He wasn't the strongest fighter who ever lived, not physically. Most of Ali's knockouts came from an accumulation of punches.
You could argue he was the toughest fighter ever. After having his jaw broken by Kenny Norton in the first round, Ali went eleven more rounds and lost the fight by unanimous decision. Going eleven rounds with a broken jaw against a mauler like Norton, that alone could qualify you for the BA Hall of Fame, but Ali also went a round against Sonny Liston in which he was blind.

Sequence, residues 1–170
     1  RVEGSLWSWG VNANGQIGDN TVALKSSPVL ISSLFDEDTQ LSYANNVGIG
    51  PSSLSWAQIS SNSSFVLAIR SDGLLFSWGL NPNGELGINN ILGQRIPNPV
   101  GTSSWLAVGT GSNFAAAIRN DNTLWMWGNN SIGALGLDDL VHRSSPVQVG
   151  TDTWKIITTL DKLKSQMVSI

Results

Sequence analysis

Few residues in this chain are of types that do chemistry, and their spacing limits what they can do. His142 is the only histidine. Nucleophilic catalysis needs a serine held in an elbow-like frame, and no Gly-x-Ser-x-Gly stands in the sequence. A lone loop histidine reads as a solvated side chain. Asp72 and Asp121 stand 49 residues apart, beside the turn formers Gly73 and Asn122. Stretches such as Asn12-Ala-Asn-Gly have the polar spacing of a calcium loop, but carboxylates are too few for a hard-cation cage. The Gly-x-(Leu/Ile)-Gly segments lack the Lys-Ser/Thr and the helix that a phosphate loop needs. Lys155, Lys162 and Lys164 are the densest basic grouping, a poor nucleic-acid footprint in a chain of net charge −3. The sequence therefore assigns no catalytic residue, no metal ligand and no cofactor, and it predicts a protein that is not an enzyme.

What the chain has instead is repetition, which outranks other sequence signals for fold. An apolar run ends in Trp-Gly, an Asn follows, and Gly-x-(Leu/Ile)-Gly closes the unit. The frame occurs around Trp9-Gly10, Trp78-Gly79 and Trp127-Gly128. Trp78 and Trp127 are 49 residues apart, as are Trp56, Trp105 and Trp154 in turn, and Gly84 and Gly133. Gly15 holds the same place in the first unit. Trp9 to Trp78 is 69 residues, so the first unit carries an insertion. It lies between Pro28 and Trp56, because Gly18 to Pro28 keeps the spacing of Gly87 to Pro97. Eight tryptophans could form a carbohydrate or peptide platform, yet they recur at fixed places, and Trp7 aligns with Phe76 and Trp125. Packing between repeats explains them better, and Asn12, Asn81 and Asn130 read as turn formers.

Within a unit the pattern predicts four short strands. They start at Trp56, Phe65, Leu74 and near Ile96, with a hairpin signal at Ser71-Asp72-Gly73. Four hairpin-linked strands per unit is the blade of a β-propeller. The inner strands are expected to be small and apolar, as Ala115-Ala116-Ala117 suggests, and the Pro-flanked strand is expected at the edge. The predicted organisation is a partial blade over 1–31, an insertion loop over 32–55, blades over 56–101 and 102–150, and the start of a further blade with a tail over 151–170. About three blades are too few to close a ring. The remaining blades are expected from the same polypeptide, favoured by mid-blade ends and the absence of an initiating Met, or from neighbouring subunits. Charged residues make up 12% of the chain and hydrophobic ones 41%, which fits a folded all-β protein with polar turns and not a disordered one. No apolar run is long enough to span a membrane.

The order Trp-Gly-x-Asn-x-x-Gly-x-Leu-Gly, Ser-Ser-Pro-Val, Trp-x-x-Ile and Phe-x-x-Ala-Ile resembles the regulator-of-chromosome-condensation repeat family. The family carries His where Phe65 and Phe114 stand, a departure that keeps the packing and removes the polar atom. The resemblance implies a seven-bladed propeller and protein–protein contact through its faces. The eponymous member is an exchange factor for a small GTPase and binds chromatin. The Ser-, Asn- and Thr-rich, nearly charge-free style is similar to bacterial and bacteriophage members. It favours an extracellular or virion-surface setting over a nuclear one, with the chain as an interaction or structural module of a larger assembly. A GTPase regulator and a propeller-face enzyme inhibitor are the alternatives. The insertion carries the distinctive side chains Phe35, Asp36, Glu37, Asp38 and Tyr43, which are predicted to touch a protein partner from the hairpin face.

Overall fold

He wasn't the nicest fighter. To this day, whenever I watch the "Thrilla in Manila," that fourteen-round colossus, I cheer for Frazier. Ali wounded him more deeply before the fight than he ever did in the ring.
But Muhammad Ali was the greatest man who ever laced up a boxing glove. His biggest fights weren't against other boxers, they were against prejudice and oppression.
I'll miss you, Champ. The world isn't the same without you in it.
SIMPLY THE GREATEST
January 17, 1942
June 3, 2016